When you’re 21 years old and the lone female race car driver in a sea of male pilots careening around the track at 100-plus mph, there are lots of things to be scared of. Fiery crashes. Occupational sexism. Doubting fans. Constant comparisons to Danica Patrick. But considering the average driver’s seat is only four inches off the ground, a fear of heights is not usually an issue.
But when Ashley Freiberg, currently the only female driver in development for American sports car racing, moved from the pancake-flat suburbs of Chicago to cliff-studded Bondville, Vt., in 2010, she realized her mild case of acrophobia was hardly a good match for her towering new surroundings.
“My fear of heights kind of lured me in, because I wanted to see if I could break through it,” said Freiberg, the first woman to win a Skip Barber Racing Series overall championship (with 25 wins) and the first to win a BFGoodrich Skip Barber National Series race, at New Jersey Motorsports Park. “Driving a race car, that’s what you’re doing: pushing limits, breaking barriers in your mind.”
And so she decided to tackle her fear head on.
Freiberg began rock climbing at a gym with 25-foot walls, where she found out just how much strategy goes into the sport.
“I had no idea how much you actually had to think about what sequence of moves are needed to make it to the top,” she said.
Luckily, racing had prepared her for the mental maneuvering.
“I describe racing as ‘a chess game on wheels,’” said Freiberg, who will compete at Watkins Glen International Raceway for the Sahlen’s Six Hours of the Glen this weekend. “Yes, a lot of it is physical but a lot is in the brain.”
Though Freiberg struggled with the knowledge that she was “clinging to this wall like Spider-Woman, with nothing but my fingers and toes keeping me up,” she was pleasantly surprised by her physical agility and strength. After a few visits to the gym, the No. 51 Porsche GT3 Cup Car driver felt ready for the real thing.
Together with her coach (and ex-climber), Mike Zimicki, Freiberg headed to New Hampshire for her inaugural ascent up the 150-foot Artists Bluff cliff. She soon found herself paralyzed by fears of falling or equipment failure.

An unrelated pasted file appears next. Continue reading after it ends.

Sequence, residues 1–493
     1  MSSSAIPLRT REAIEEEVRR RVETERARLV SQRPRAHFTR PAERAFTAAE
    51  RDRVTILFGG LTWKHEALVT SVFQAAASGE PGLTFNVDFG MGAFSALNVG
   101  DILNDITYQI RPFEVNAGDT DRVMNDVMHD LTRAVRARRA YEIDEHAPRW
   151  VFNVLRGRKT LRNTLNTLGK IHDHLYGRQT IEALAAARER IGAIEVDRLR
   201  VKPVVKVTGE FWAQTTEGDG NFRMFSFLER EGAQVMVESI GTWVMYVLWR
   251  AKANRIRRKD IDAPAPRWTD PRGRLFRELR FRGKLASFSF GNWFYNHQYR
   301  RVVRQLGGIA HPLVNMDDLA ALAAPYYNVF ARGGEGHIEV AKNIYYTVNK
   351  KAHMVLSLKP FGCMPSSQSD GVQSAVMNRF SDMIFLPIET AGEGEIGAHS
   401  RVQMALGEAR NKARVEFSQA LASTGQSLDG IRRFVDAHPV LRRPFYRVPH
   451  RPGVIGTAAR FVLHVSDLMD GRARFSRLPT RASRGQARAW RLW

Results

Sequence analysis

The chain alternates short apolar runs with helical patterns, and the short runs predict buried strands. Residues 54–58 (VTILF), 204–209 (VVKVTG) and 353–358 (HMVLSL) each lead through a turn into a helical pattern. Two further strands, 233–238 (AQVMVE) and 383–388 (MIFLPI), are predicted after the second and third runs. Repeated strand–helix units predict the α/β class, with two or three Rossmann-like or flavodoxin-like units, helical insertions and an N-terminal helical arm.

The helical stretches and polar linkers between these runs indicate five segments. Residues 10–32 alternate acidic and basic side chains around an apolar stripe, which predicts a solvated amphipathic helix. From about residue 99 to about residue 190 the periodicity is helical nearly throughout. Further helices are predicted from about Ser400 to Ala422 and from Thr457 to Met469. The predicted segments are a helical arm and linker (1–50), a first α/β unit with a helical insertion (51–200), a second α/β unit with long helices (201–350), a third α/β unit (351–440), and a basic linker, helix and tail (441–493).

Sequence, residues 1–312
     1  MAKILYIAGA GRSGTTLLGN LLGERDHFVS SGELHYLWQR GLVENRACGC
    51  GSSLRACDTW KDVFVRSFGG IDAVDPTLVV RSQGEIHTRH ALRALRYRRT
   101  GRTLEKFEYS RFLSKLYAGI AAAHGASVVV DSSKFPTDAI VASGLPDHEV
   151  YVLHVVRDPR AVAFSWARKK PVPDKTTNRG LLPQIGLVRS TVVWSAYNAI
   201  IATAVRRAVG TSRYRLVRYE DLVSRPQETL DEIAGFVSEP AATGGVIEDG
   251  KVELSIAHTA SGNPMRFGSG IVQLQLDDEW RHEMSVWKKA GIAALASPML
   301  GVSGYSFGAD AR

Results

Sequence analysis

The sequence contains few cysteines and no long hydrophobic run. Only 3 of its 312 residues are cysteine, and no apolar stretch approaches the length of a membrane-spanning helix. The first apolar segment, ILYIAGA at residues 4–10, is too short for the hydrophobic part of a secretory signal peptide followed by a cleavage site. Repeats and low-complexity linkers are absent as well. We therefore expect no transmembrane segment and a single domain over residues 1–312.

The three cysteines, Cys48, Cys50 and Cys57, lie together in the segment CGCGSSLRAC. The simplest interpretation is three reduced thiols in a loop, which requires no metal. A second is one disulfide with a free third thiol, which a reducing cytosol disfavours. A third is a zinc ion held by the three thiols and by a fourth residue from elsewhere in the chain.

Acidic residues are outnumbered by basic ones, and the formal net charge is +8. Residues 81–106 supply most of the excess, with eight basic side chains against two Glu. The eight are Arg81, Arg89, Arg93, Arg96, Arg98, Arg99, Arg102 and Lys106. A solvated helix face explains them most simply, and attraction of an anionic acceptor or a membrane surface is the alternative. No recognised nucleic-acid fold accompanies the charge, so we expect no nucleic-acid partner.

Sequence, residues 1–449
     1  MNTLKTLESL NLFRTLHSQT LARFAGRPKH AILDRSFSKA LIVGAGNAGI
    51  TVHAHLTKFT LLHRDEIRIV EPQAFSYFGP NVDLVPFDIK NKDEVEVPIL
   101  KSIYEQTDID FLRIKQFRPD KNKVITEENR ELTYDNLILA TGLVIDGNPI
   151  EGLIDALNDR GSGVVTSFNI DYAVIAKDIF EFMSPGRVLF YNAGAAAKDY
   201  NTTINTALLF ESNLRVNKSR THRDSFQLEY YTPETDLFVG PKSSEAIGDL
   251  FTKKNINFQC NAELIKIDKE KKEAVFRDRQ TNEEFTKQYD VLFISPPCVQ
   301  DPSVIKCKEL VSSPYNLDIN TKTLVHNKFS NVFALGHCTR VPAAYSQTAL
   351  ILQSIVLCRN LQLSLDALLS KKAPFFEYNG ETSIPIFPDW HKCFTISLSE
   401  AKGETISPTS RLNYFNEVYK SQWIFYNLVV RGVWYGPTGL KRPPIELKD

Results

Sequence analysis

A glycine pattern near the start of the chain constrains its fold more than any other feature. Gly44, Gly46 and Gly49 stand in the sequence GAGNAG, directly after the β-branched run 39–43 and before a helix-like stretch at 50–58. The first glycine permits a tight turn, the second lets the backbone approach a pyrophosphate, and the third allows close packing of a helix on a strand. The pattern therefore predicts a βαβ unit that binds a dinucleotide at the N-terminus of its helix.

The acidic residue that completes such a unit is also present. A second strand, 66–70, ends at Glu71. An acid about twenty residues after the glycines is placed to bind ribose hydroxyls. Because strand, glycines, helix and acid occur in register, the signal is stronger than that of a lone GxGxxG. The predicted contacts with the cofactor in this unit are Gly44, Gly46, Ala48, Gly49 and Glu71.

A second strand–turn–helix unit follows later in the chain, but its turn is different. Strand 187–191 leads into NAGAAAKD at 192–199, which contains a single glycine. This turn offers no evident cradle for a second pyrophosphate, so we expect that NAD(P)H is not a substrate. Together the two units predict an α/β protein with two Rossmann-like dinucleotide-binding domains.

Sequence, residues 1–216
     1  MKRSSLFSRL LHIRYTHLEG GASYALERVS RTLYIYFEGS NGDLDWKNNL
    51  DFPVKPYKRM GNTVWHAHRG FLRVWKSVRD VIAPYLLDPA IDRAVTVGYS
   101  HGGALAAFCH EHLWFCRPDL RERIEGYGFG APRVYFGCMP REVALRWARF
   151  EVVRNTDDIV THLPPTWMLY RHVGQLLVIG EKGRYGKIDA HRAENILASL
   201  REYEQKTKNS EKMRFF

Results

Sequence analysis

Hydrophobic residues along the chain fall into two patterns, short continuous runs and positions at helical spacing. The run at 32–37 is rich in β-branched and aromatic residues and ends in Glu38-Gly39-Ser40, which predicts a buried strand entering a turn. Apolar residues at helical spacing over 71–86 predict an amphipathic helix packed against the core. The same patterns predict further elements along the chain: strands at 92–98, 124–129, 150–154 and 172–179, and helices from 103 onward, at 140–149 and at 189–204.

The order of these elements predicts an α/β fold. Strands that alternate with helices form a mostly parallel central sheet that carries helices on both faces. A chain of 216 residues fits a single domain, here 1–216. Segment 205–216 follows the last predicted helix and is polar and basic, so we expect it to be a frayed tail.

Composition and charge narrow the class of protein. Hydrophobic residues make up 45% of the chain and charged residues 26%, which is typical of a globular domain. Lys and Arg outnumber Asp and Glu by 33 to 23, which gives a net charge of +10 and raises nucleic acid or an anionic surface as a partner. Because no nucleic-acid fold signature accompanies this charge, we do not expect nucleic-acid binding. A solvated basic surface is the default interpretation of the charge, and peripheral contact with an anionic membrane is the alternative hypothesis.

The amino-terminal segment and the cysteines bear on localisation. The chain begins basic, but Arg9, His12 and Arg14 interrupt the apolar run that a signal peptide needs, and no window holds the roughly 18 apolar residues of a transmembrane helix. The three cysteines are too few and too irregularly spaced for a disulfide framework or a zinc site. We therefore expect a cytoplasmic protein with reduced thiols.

“But then I stopped for a moment, looked at all the safety gear I had, looked at the rock right in front of me and realized so much of this was in my head,” she said. “Climbing is about being in the moment; the less room I made in my head for emotions and negative thoughts, the calmer I was and the better I climbed.”
As her confidence grew, so did the elevations of her climbs.
“I made so many new discoveries about how much grip I can create on my feet by transferring my body weight around, or by using the tips of my fingers on a hold that sticks out only a centimeter thick,” she said.
Now it’s not unusual for her to climb 600 feet or higher.
Multiple parallels exist between Freiberg’s new sport and her chosen profession: Climbing and driving both require a finely tuned sense of calm and the ability to make split-second decisions. Both demand incredible grip strength and a willingness to live on the edge.
And Freiberg, who is tied for first place in the IMSA GT3 Cup Challenge standings, feels her sky-scraping hobby has amplified her poise on the track.
“It showed me whatever my brain thought I could do, I could make happen,” she said. “I have found new limits and discovered new things about my mind and why it reacts the way it does and how it performs at its best.”
Her gear of choice includes Mythos shoes, Lululemon tank tops, leggings (loose pants can get in the way), a pouch full of chalk for her hands and Neutrogena sunblock. With two-a-day training sessions that include kettlebell workouts, running, hiking and road biking, climbing offers a killer strength workout plus the chance to spend time in nature, learning lessons Freiberg carries with her off track and on.
“When I climb, I think, ‘If I fall 50 feet, is this little piece of hardware going to protect me?’” she said. “But that’s life in general: Anything can go wrong. Thinking like that will limit so much of what you do in life. You can focus on that bolt or you can enjoy the climb.”